RARE DISEASES IN AN INTERDISCIPLINARY APPROACH
Joachim Zobel, M.D.
Medical University of Graz
Joachim Zobel, M.D. has studied human medicine at the Medical University of Graz from 2009 to 2015. During his studies, the scientific focus was on paediatric intensive care medicine, especially on mechanical ventilation. The basic education took place at BKH Lienz and 2016 he started his residency at Pediatrics and Adolescent Medicine at the Medical University of Graz. He is part of the Neuropaediatrics-Team since 2018 and started with the studies of medical science in the year 2017. Joachim Zobel, M.D., is a member of the Young European Paediatric Neurology Society, YEPNS, and a member of the commission of young neuropaediatrics. He works as a reviewer for some journals, for example the journal “Neuropaediatrics”. At the moment his specialized science project deals with rare monogenetic epileptic encephalopathy, in cooperation with university hospital for human genetics. According this science project he often gives lectures, national and international.
Univ.-Prof.Dr. MARTINA MERZ
University of Klagenfurt
Martina Merz is a Professor of Social Studies of Science at the University of Klagenfurt; she is also the Head of the Department of Science Communication and Higher Education Studies and the university’s Vice-rector for research. After receiving her diploma and doctorate in physics from Ludwig-Maximilians-Universität München, Merz switched to sociology and, in particular, Science and Technology Studies, thus to the University of Bielefeld. Her scientific activities led the researcher to Geneva, and from there, via Bern, Lausanne, and Zurich, to the University of Lucerne, where she worked on the configuration of nanoscience as a new research field within the context of a professorship funded by the Swiss National Science Foundation. After a stay at the University of Helsinki, Martina Merz has been working at the University of Klagenfurt since 2014.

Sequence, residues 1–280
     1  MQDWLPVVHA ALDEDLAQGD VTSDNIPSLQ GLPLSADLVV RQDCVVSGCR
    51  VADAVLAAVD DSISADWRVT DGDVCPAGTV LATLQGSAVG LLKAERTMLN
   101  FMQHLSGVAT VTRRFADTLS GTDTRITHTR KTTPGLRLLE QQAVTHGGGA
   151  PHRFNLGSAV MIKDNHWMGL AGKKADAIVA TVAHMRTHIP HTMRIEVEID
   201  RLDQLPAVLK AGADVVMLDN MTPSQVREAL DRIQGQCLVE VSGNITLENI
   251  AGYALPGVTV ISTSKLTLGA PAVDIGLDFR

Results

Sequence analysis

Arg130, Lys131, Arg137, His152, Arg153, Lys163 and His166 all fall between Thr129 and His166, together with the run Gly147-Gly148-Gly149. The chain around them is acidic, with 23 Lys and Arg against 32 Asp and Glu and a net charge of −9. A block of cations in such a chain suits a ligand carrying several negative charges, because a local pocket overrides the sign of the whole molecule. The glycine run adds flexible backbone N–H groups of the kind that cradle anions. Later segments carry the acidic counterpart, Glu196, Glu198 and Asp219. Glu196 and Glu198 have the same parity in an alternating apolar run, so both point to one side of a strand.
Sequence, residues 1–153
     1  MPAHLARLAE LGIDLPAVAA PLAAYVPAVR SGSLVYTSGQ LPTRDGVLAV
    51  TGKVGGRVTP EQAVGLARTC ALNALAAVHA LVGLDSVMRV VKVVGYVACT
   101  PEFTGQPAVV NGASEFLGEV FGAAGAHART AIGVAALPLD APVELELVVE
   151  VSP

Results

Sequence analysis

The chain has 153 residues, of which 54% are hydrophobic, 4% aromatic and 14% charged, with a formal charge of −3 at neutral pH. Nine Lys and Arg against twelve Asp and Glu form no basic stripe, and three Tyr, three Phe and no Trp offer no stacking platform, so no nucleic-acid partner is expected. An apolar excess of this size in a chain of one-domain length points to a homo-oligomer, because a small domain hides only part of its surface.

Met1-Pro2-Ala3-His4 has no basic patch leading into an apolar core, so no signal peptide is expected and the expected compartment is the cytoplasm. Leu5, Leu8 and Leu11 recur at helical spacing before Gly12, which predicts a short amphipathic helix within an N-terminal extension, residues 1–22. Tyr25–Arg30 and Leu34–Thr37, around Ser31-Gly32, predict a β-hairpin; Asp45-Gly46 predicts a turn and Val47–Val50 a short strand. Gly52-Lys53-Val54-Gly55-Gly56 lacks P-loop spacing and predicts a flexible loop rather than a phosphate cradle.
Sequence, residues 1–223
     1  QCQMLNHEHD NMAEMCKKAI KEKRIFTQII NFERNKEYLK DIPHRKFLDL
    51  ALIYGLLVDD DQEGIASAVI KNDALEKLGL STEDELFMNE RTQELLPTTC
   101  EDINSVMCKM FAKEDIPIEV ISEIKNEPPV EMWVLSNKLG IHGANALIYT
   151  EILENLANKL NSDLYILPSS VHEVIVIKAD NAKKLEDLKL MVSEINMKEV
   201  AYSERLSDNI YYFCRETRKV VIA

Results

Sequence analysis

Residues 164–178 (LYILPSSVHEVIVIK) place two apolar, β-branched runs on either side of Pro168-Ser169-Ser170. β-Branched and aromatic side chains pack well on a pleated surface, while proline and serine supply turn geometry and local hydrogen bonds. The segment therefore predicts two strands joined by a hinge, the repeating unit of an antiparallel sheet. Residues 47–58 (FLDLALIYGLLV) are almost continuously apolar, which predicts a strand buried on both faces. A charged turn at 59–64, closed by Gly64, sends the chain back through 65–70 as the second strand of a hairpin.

Her research focuses on the dynamics of contemporary knowledge cultures and how representational practices (models, simulations, images, etc.) affect scientific research and the communication of results.
Martina Merz recently worked on the project ‘Interdisciplining the University: Prospects for Sustainable Knowledge Production’. This project scrutinizes the tensions that arise from the recent shift from discipline-driven to more demand-driven university research, characterized by a greater significance of inter- and transdisciplinary.
At present, she cooperates with colleagues in physics, history and philosophy of science to understand better the challenges of knowledge production in the large-scale collaborations at the Large Hadron Collider. The article “Organizational complexity in Big Science: Strategies and Practices”, co-authored with Helene Sorgner, is forthcoming in Synthese.
In the information age, people can access millions of websites with an unfathomable amount of knowledge within seconds. However, scientific information has to be communicated in particular ways to facilitate knowledge transfer between experts and interested persons. Therefore, future researchers need to learn how to reliably communicate scientific knowledge to patients, colleagues, and the general public. Thankfully, Professor Martina Merz agreed to share her expertise with the ISC guests and shine a light on the core principles of Science Communication in her much-anticipated keynote lecture at the International Student Congress.
For more Information, please visit https://www.aau.at/team/merz-martina/.
PERFORMANCE UNDER STRESS - MINDSET TRAINING
Professional athletes not just train their muscles, they also train their mind so they’ll before able to perform under pressure. In this keynote we will discuss these strategies so you'll perform well on orm your best during your medical studies and in your future medical career - without getting too stressed out.